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Suppose that we roll a fair die until a 6 comes up or we have rolled it 10 times. What is the expected number of times we roll the die?

The answer to this is about 5.03.

However, if you remove the restriction of rolling it 10 times, the answer is 6.

I'm having a difficult time understanding conceptually why it would be different for infinite amount of rolls vs a max of 10 rolls. Both of the expected values are under 10, so why does it change so much?

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    $\begingroup$ The expected value is an average. It is certainly possible to roll a die ten times and never get a six, but the maximum possible value is $10$, while in the infinite case, it is possible to have to roll the die $100$ or $1000$ or $1,000,000$ times. So the expected value is going to be not only different, but greater. $\endgroup$ – Thomas Andrews Mar 18 '15 at 1:24
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"So much" seems a bit exaggerated: it only goes up from $5.03$ to $6$. The probability that you need to throw the die more than $10$ times to get $6$ is the probability that a non-$6$ turns up on all of the first ten trials. That is $\left(\frac 5 6\right)^{10}\approx 0.1615\ldots$ or about $1/6.19\ldots$ --- nearly one in six. And if you do need more than $10$ trials, there's quite a good chance you'll need more than $11$ and more than $12$. Indeed, given that you need more than ten trials, there is a probability of $\left(\frac 5 6\right)^3 = 0.5787\ldots$ that you'll need more than $13$ trials.

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The expected number of rolls should be smaller, intuitively, since it can only be 10 or less as opposed to arbitrarily large on there infinite sequence case.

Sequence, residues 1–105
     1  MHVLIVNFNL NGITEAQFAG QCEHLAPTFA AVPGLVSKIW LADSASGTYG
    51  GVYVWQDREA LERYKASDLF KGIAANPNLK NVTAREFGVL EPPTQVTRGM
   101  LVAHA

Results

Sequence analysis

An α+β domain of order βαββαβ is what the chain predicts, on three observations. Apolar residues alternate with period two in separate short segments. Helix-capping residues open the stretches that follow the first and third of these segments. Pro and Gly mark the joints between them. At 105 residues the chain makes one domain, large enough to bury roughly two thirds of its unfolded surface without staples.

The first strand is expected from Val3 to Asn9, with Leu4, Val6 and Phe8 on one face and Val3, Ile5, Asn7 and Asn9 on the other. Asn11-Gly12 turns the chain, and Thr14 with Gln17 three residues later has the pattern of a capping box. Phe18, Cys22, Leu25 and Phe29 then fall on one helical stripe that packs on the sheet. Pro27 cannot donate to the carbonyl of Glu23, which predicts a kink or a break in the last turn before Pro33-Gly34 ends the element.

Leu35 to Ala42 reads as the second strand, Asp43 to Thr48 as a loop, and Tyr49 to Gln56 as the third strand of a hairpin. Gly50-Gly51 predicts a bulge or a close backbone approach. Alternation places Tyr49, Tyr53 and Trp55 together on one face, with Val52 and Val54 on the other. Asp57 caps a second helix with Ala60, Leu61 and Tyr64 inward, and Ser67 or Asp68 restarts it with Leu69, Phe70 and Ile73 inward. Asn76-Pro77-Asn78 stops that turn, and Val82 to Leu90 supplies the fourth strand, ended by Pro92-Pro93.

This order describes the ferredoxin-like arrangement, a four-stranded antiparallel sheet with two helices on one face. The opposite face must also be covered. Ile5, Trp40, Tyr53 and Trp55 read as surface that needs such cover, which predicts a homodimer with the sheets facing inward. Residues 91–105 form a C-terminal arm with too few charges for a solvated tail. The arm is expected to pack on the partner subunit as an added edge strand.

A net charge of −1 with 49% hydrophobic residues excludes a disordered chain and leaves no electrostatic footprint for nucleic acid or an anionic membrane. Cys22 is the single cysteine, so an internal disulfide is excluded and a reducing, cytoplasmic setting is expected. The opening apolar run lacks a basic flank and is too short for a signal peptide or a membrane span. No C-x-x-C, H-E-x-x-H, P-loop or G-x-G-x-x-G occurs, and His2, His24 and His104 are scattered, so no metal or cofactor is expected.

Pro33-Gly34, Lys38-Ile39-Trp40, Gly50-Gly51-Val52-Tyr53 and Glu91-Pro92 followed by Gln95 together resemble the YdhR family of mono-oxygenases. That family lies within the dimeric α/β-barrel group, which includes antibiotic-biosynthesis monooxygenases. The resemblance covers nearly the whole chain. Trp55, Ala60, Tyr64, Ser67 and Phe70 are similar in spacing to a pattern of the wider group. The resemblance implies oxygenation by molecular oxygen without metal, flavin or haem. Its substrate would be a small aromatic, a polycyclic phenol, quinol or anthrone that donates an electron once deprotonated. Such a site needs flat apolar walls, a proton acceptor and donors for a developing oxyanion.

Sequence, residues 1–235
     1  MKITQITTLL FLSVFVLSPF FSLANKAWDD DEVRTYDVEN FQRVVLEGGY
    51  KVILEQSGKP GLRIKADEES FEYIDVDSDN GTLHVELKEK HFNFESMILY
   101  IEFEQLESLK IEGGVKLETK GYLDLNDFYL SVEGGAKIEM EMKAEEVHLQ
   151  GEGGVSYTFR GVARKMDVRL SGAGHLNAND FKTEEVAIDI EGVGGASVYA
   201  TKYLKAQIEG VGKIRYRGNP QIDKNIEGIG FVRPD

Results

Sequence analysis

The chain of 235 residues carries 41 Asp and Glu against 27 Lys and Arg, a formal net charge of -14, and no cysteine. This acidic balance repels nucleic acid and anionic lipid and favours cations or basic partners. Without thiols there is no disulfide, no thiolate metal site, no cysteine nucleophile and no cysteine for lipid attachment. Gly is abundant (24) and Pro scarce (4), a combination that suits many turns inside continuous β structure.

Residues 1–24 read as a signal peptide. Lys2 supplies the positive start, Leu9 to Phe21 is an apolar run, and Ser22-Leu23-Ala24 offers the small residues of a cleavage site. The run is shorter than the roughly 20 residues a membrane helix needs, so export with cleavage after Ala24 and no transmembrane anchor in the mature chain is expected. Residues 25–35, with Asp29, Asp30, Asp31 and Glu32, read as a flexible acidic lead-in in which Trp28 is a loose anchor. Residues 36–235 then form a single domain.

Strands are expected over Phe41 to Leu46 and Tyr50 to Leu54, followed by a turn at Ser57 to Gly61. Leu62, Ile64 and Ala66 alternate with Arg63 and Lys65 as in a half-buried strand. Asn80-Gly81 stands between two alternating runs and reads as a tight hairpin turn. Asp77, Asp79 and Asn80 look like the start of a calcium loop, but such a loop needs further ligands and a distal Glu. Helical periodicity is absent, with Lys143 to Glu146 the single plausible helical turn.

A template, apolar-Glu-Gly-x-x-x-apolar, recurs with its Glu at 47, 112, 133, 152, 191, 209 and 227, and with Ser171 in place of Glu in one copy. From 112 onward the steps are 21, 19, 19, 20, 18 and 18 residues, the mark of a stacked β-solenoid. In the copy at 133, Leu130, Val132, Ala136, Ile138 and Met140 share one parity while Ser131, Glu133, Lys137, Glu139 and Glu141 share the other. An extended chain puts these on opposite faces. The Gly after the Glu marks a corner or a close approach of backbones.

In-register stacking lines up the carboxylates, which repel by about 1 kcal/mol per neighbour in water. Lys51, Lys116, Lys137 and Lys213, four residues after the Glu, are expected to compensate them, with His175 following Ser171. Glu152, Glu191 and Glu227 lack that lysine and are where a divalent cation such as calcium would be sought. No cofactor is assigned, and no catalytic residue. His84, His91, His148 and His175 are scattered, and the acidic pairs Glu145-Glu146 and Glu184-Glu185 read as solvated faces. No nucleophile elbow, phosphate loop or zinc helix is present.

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The expected value is $$\sum_{n \ge 1} n \cdot \mathbb{P}(\text{game ends on the $n$th roll}).$$ We want to see how this sum differs in the two games (with restriction and without).

For $1 \le n \le 9$, the corresponding probability $\mathbb{P}(\text{game ends on the $n$th roll}).$$ $ is the same in both games.

However, in the first game, the remaining probability mass is weighted by $n=10$: $$\mathbb{P}(\text{game ends on the $10$th roll}) = 1 - \mathbb{P}(\text{game ends before the $10$th roll}),$$ whereas in the second game, the remaining mass is split up and weighted by $n=10$, $n=11$, and so on.

\begin{align*} 10 \cdot \mathbb{P}(\text{first game ends on $10$th roll}) &= \sum_{n \ge 10} 10 \cdot\mathbb{P}(\text{first appearance of $6$ is on $n$th roll})\\ &< \sum_{n \ge 10} n \cdot \mathbb{P}(\text{first appearance of $6$ is on $n$th roll})\\ \end{align*}

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If we let $p=\frac16$ be likilhood of a successful roll the odds of us rolling $k$ consecutive rolls followed by a $6$ is $$P(k) = (1-p)^{k}p$$ Since it took $k$ failures (each with likelihood $(1-p)$) and one success ($p$).

Let's first consider the infinite case, $$E[K]=p\sum_{k=1}^\infty k\cdot(1-p)^{k-1}=p\sum_{k=1}^\infty k(1-p)^{k-1}$$

Notice however, that when $k = 10$ our summation changes: $$E[\min(K,10)] =p \sum_{k=1}^{9} k\cdot(1-p)^{k-1} + 10\ p\sum_{k=10}^\infty (1-p)^{k-1} < E[K]$$

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